This Internet Site describes Type I Restriction-Modification Systems.
These enzyme were the first discovered of all of the types restriction enzymes and pioneered studies of restriction endonucleases, which eventually led to the discovery of Type II Restriction-Modification, their characterisation as site-specific endonucleases and the development of Genetic Engineering.
Type I R-M enzymes are NOT site-specific endonucleases and have not found a use in Genetic Engineering, which means they have been somewhat neglected over the years. However, they are a very interesting multisubunit, multifunctional molecular motors with strong relationships to both recombination enzymes such as RecBC and to chromatin remodeling factors in eukaryotes.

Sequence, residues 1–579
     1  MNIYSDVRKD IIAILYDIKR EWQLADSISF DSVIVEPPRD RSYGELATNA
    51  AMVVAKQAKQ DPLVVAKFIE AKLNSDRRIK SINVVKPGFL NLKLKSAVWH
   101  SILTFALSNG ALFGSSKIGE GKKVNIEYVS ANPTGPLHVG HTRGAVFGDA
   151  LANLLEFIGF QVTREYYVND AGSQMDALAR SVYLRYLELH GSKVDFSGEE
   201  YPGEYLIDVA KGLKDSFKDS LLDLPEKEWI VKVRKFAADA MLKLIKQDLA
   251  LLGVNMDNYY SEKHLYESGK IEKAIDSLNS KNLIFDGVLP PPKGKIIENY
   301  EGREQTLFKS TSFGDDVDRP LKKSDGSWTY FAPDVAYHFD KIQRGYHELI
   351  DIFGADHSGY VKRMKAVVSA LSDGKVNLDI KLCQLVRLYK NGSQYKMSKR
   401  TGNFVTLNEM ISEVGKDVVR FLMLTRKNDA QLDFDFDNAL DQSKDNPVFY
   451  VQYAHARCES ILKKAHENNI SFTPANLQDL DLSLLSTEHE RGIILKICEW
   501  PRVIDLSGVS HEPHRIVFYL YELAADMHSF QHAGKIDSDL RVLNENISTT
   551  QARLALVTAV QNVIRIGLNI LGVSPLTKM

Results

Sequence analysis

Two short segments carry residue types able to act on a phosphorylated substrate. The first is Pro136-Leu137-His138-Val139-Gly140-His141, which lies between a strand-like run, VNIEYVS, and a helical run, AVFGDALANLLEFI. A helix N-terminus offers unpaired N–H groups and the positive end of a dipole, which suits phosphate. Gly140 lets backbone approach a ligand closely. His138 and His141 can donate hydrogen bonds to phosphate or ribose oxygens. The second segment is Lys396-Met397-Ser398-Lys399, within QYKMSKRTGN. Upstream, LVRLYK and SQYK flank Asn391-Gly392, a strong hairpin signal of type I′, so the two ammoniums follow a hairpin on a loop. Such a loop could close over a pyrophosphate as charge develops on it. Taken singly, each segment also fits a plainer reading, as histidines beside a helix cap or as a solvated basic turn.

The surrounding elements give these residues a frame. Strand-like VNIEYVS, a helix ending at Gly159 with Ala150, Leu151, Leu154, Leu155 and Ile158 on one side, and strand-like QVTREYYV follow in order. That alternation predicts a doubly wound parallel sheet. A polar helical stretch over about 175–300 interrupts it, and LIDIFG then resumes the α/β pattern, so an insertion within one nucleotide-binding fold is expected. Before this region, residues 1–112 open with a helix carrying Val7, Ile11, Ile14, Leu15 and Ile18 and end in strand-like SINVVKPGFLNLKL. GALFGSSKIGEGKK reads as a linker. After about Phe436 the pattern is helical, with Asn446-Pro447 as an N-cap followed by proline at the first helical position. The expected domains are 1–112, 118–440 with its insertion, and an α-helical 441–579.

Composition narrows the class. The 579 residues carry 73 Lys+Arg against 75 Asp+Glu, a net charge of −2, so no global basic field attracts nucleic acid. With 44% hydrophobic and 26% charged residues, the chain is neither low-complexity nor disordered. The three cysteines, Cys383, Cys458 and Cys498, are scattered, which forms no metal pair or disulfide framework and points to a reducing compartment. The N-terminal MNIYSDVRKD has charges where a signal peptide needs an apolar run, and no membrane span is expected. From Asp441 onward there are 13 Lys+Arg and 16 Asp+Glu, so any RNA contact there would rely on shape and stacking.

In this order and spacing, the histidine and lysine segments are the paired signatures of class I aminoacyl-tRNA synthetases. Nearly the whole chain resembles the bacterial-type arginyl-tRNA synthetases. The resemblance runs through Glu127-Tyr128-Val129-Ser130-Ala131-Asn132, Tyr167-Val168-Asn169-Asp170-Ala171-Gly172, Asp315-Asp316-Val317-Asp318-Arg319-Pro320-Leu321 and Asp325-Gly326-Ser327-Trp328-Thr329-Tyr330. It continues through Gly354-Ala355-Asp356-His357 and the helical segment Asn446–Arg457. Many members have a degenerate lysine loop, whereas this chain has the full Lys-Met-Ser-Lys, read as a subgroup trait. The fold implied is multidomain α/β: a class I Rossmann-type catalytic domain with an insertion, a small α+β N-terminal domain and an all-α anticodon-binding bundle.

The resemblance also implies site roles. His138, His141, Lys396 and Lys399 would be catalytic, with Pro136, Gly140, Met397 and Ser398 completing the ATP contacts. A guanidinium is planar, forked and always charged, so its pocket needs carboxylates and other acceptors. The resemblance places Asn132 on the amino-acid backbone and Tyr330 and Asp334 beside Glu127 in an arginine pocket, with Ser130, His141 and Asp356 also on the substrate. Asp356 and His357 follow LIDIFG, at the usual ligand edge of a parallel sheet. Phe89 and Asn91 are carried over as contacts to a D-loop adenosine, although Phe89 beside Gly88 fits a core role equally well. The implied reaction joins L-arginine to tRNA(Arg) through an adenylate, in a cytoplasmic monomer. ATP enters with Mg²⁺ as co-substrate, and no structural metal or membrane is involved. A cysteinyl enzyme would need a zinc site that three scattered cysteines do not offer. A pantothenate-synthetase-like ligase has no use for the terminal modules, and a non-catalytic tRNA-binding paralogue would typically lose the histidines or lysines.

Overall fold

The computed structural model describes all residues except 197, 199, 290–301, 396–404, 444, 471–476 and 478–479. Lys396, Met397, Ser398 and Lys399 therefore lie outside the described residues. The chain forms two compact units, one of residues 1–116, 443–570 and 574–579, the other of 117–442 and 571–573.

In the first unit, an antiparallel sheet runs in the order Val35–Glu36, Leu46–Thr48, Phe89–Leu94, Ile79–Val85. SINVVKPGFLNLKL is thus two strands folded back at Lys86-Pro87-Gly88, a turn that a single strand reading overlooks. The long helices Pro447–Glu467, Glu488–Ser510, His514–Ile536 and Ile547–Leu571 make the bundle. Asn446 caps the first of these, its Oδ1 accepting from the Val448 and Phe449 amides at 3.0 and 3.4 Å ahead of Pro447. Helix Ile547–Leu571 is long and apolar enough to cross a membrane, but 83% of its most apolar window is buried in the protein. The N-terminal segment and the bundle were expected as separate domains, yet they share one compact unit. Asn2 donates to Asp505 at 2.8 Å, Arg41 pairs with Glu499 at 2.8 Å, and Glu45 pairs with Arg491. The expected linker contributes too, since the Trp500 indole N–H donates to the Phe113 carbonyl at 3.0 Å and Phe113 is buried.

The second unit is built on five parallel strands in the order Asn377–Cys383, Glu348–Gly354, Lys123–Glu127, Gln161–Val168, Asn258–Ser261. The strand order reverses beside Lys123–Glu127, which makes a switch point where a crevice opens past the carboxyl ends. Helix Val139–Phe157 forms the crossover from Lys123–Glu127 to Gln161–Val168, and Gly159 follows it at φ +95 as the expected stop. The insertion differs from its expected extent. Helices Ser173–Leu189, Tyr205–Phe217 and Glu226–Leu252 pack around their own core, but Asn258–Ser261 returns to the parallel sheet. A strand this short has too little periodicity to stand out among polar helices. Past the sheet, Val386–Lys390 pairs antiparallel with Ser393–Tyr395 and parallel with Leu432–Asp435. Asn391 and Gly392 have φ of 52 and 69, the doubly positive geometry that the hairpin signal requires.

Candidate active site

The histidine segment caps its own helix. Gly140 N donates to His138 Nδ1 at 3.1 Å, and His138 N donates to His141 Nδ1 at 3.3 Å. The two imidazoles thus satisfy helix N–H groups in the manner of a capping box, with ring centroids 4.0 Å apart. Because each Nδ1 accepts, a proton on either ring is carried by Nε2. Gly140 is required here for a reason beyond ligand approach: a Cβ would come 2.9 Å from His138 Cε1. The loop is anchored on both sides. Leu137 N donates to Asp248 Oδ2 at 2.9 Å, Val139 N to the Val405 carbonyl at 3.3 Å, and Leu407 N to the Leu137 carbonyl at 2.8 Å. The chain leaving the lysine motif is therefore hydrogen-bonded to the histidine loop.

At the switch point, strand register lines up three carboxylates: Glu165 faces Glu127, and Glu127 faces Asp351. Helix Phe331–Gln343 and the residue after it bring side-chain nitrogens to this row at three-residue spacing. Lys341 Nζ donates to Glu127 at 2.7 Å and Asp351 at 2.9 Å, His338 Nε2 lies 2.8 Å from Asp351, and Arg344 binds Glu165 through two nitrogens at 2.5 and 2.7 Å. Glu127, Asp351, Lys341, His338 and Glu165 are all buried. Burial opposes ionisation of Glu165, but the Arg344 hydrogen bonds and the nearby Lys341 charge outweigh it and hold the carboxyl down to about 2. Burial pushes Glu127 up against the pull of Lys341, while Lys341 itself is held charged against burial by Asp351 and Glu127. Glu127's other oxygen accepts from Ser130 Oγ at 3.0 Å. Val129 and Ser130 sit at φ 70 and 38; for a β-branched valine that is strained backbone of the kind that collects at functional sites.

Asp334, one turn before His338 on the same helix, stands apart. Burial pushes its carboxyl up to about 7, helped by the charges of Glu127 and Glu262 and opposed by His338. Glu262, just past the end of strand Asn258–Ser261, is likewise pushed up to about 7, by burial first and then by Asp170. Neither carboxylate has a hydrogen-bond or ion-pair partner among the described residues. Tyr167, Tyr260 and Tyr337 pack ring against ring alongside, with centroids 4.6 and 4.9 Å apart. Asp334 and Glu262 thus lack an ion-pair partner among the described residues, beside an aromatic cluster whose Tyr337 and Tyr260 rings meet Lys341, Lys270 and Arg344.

Recently, there has been a resurgence of interest in these enzymes, in part spurred by investigations that have addressed some of the early questions first raised by the presence of Restriction-Modification systems (Murray, 2000), but more recently due to the single-molecule studies of the enzymes as molecular motors (Seidel et al., 2004) and a review has recently been published by Loenen et al (2014).
These web pages are a resource primarily aimed at those involved in research in this area, but will also provide useful background information to undergraduates and graduate students.
You can contact the Web Team and Dr Keith Firman using the details below (please explain you are contacting about the Type I R-M Web pages):
Last modified on
29 December 2013
© Dr Keith Firman
Author Dr Keith Firman.